We're able to extract information from the battery.

For example, what is the battery's state of charge?

What is the voltage?

Who's leasing the battery?

How long are they leasing it for?

STOUT (voice-over): Muhammadia Hussein (ph) started using one of Soul Share's (ph) smart batteries in his tuk-tuk over a year ago. He says it has

boosted his monthly earnings by 50 percent as well as cutting his contact with the toxic fumes from the lead acid battery.

There's a bigger benefit for the community too.

UNIDENTIFIED FEMALE: When they return to the garage at the end of the night, they come back with like 30 percent of juice in their batteries. So

if they can feed that back into the grid when the demand is really high, that would be amazing.

STOUT (voice-over): Soul Share (ph) plans to transform Bangladesh's tuk- tuks into a virtual power plant that can be plugged into the national grid at any time.

UNIDENTIFIED FEMALE: Just from the EVs alone, we could feed back about 20 percent of Bangladeshi's peak load.

STOUT (voice-over): Founded in 2015, the startup is a leader in peer to peer micro solar grids. Bangladesh is home to the world's largest off grid

solar power program, according to the World Bank.

Soul Share is connecting households with no solar panels to ones that do so they can buy excess energy from their neighbors, using a pay as you go

mobile, top-up system. To date Soul Share (ph) has raised $6 million in funding, including investment from local venture capital fund, SBK


Looking at the growing network of solar grids, combined with the potential power of the nation's tuk-tuks, Islam (ph) is confident that the frenetic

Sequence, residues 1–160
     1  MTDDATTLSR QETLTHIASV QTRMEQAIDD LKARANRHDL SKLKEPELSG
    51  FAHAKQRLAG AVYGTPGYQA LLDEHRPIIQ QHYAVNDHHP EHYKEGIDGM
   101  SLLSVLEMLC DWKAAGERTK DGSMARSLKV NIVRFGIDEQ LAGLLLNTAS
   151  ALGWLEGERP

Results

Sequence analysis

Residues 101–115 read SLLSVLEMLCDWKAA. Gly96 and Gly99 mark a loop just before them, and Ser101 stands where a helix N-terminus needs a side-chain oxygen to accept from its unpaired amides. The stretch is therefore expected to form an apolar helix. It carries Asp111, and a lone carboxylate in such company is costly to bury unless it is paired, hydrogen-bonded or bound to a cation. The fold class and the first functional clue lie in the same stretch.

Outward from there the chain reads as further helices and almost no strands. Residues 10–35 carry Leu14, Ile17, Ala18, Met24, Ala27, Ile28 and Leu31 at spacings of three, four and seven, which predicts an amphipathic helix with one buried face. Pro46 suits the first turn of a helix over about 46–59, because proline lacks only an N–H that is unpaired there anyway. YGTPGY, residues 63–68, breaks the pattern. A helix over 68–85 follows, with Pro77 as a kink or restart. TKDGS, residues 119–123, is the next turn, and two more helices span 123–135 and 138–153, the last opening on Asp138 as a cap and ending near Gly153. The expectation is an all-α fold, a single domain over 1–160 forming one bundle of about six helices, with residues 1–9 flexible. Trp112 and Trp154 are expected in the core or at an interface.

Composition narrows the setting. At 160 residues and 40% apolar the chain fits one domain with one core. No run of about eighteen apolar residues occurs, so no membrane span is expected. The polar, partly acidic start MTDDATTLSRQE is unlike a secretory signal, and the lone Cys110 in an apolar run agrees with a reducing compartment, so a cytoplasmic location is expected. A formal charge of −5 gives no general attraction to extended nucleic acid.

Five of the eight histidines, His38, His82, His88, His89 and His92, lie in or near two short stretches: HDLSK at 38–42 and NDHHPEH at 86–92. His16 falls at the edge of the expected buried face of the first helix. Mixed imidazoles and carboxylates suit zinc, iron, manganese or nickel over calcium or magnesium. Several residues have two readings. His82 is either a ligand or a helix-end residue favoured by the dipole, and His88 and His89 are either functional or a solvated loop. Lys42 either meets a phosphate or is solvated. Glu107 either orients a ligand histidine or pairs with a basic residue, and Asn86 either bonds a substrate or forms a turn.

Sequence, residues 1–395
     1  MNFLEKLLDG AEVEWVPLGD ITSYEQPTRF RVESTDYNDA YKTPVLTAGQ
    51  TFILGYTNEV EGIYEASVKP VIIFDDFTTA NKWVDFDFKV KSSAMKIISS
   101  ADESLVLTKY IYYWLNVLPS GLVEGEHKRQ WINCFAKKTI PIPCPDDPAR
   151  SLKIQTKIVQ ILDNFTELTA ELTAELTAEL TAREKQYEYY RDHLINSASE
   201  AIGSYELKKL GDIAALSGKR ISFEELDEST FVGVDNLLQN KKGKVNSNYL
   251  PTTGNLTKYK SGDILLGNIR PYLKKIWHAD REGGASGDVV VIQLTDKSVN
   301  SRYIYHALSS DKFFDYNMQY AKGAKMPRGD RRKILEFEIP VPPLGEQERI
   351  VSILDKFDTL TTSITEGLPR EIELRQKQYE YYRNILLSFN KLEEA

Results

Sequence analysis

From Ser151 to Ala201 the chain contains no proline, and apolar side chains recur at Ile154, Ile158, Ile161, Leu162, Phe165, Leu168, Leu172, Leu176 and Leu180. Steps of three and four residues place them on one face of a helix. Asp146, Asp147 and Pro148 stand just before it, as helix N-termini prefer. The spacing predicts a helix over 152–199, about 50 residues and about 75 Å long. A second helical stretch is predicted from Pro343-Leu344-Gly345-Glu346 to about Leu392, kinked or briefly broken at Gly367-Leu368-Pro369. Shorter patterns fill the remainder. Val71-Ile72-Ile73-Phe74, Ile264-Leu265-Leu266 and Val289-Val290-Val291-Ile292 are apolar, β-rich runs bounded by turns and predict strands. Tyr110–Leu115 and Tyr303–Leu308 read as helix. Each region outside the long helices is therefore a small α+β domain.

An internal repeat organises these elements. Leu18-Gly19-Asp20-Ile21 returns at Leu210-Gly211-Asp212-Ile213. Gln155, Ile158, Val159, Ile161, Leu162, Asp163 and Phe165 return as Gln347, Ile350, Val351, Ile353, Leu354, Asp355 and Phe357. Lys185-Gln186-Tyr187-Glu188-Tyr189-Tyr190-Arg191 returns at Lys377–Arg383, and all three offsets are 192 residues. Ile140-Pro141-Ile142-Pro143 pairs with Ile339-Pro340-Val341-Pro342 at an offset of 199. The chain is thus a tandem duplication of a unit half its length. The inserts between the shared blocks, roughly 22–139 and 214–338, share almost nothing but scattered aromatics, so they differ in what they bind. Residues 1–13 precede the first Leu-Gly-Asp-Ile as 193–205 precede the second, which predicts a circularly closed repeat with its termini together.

energy of the city can fuel the future.

UNIDENTIFIED FEMALE: The way we see it, if we can do this right here in Bangladesh, then you can actually do it anywhere.


NEWTON: Our thanks to Kristie Lu Stout there.

South Korea and the U.S. are demonstrating their firepower during major military exercises, striking a nerve with North Korea. We're waiting to see

in fact how Pyongyang will react.

Earlier this week, state media claimed North Korea had simulated a tactical nuclear missile launch. CNN's Paula Hancocks has the story from there.


PAULA HANCOCKS, CNN CORRESPONDENT: The U.S. and South Korean presidents pledged last year to expand joint military drills.


They said to counter the increasing threat from North Korea. And that's exactly what they're doing.

(voice-over): A ship to shore assault, grounding of fighting force and equipment while trying to maintain the element of surprise, this is the

drill that North Korea always reacts to, the idea of American and South Korean Marines storming a beach on the Korean Peninsula.

Pyongyang sees this as a dress rehearsal for an invasion that a South Korean and American line has always been, that this is defensive in nature;

2,500 U.S. Marines and sailors 3,000, South Korean Marines and sailors working together on one large scale joint drill.

The U.S. Landing Craft Air Cushion or LCAC bringing to shore all that's needed for the early stages of battle.

Now we haven't seen this level of drills in the Korean Peninsula for five years multiple tours across the country and South Korea there being held on

land, at sea and in the air.

(voice-over): We gained rare access behind the scenes of this training, flying out to the U.S. amphibious assault ship the USS Makin Island (ph).

On the back of North Korean missile launches and disputed claims of simulated underwater nuclear weapons tests, this is a drill that will be

watched carefully in Pyongyang.

We're about 30 nautical miles from shore at this point. And this is one of the LPACs that is being loaded up right now, ready for an amphibious


The 13th Marine Expeditionary Unit is meant for rapid response to any kind of crisis, military or humanitarian, self sufficient and often the first to